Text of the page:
A government watchdog says airline fees for checked bags and other services are complicating things for consumers trying to find the best deal on airfare. The Government Accountability Office recommended in a report that the government improve the disclosure of airlines, not only by airlines, but also by travel booking services. Besides checked bags, airlines have recently been charging for services that were traditionally included in the price of a ticket, such as seat selection, extra leg room, blankets, pillows, beverages and meals. GAO said that if the 7.5 percent tax on airline tickets was applied to fees as well, the government could have raised $186 million last year just from checked bags.
British Airways, Fort Worth-based American Airlines and Iberia have won European Union regulatory approval for plans to share more of their lucrative trans-Atlantic routes. The companies say that will help them cut costs. The three airlines made a legally binding promise to the European Commission that will see them give up valuable take-off and landing slots at London Heathrow. That should allow rivals to start new routes between London and New York, Boston, Dallas-Fort Worth and Miami. European regulators says this offer eliminates antitrust worries that the new deal would allow the three companies control lucrative trans-Atlantic routes and hike prices.
Applications for home loans dipped last week even though consumers were able to refinance at the lowest rates in decades. The Mortgage Bankers Association says overall applications decreased nearly three percent from a week earlier. That incorporates an adjustment for the Independence Day holiday. Applications to refinance home loans were down 2.9 percent. Applications taken out to purchase homes fell 3.1 percent, the lowest level since December 1996. The average rate for a 30-year fixed loan sank to 4.57 percent last week, according to Freddie Mac. That was the lowest since the mortgage company began keeping records in 1971.
A leading natural gas driller says it will disclose the precise chemicals it injects into a lucrative Appalachian reserve. Range Resources wants to allay concerns over water contamination and defuse growing controversy about the industry's secrecy over the chemicals. Officials at the Fort Worth-based company said they would post the information on the company's Website and send it to regulators in Pennsylvania, where range has permits to drill hundreds of wells into the Marcellus shale formation. The chemicals are mixed with water and sand and forced deep into the earth to break up shale and release natural gas. Range says the amount of the chemical mix that federal regulators consider hazardous in a concentrated form is 0.04 percent of the total.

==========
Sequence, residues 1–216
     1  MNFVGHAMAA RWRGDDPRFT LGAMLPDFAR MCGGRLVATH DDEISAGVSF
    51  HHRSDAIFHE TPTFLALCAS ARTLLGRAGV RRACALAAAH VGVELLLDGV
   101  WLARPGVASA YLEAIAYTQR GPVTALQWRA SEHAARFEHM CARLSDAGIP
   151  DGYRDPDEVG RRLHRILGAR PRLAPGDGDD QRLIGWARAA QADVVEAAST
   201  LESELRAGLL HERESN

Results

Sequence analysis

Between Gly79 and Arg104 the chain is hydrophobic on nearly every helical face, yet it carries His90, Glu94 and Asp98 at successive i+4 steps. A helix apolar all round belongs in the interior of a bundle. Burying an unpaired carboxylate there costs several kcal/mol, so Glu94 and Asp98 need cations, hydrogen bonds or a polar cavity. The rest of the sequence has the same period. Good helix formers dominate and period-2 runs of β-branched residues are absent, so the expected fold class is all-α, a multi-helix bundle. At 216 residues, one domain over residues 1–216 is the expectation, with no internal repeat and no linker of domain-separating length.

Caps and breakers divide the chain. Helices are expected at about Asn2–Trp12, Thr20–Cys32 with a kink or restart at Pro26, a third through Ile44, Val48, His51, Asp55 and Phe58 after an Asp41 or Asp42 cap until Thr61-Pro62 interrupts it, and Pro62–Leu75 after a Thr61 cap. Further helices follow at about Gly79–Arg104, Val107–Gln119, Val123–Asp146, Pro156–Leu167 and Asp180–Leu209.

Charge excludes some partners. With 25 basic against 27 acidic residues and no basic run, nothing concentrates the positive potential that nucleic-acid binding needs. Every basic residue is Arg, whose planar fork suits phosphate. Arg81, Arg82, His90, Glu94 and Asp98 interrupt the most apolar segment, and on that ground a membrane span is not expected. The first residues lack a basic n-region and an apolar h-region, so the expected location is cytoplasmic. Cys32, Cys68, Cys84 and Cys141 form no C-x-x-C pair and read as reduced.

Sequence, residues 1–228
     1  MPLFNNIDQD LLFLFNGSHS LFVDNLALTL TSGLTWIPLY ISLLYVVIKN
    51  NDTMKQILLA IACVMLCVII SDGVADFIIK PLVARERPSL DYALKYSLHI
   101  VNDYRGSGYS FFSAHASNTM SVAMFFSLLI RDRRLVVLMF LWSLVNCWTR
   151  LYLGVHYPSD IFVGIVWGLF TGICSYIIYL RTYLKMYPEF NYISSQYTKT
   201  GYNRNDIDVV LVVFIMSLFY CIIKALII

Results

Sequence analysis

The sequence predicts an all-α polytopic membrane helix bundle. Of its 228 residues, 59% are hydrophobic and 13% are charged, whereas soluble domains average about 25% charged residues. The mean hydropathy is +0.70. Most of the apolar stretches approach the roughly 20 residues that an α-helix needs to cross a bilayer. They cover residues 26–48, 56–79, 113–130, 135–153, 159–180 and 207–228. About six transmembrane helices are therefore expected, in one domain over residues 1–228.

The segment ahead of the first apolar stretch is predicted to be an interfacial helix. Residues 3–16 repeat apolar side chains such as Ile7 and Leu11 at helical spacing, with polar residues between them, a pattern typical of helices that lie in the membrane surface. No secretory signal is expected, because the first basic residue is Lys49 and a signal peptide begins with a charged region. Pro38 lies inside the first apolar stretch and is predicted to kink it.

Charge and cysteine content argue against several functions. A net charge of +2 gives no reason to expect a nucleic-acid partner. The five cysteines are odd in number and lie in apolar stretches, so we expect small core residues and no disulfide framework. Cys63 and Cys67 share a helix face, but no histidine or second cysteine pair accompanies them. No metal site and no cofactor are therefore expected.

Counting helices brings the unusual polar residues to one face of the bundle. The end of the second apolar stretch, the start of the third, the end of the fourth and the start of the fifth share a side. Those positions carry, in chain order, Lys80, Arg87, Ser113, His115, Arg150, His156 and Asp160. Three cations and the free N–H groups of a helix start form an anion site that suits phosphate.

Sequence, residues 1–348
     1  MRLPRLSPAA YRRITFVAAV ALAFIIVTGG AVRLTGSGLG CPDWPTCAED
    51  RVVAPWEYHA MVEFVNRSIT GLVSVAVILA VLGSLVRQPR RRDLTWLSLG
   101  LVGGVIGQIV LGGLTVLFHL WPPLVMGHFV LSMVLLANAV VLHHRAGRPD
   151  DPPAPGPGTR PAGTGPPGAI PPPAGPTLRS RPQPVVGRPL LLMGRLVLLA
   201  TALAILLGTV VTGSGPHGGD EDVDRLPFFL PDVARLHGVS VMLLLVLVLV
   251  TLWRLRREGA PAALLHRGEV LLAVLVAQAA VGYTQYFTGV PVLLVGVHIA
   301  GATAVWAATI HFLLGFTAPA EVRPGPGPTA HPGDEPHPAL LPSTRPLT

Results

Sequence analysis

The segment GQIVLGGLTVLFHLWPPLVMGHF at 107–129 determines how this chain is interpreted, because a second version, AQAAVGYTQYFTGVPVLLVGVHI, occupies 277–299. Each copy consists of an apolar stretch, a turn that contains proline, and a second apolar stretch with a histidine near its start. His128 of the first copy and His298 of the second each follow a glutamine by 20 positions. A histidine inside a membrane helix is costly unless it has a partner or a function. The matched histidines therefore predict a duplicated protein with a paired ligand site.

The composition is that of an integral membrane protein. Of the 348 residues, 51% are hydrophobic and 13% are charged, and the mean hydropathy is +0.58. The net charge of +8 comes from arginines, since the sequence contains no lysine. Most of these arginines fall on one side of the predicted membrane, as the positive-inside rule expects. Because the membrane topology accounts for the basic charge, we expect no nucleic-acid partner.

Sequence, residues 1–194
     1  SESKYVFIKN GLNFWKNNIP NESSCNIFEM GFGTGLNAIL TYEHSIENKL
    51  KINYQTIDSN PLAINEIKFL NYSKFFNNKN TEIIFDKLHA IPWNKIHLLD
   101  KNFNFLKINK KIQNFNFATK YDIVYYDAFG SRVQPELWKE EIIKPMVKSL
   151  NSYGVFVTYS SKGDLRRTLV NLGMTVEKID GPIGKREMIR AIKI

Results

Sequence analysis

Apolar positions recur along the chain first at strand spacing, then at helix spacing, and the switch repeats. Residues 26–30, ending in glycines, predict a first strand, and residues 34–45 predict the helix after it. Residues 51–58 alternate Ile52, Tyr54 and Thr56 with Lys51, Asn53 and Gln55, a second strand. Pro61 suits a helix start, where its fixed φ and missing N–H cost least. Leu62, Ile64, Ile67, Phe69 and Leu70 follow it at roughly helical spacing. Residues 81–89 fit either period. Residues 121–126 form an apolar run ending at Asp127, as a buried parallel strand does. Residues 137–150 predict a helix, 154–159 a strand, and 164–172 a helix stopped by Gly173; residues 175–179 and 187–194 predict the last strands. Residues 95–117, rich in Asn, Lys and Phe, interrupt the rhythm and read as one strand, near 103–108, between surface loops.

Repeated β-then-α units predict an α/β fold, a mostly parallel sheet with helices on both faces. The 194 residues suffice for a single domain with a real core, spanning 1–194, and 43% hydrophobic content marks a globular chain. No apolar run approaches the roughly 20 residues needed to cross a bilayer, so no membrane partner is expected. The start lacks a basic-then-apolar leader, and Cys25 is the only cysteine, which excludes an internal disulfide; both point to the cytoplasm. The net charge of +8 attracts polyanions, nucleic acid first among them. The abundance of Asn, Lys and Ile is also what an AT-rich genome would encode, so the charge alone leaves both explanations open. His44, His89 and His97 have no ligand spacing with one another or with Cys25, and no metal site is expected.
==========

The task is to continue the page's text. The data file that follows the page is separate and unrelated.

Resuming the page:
A new breed of renewable technology is displacing the iconic windmills that have pumped well water on American rangeland for more than a century. An increasing number of western ranchers are pulling down their old windmills and converting to solar-powered systems to pump well water for livestock in areas without surface water. Solar-powered pumps have been available for more than 20 years, but some agriculture officials and ranchers say the increasing efficiency and durability of solar systems have now made them a primary option for new wells. Windmills are unlikely to disappear from the landscape. Many ranches that have relied on windmills for generations have the know-how and equipment to keep their windmills operating.
All 16 private insurance companies that participate in a federal crop insurance program have signed off on a plan designed to cut their subsidies by $6 billion over the next ten years. The U.S. Department of Agriculture announced the agreements. The USDA's Risk Management Agency had sought the reductions because it contended the crop insurance companies were making excessive profits. Industry groups had resisted the cuts, saying the companies needed to maintain high reserves in case of widespread crop disasters, but they ultimately accepted the deal. The agency says $4 billion of the savings will go toward reducing the federal deficit, while $2 billion will support risk management and conservation programs for farmers. Farmers' premiums won't change.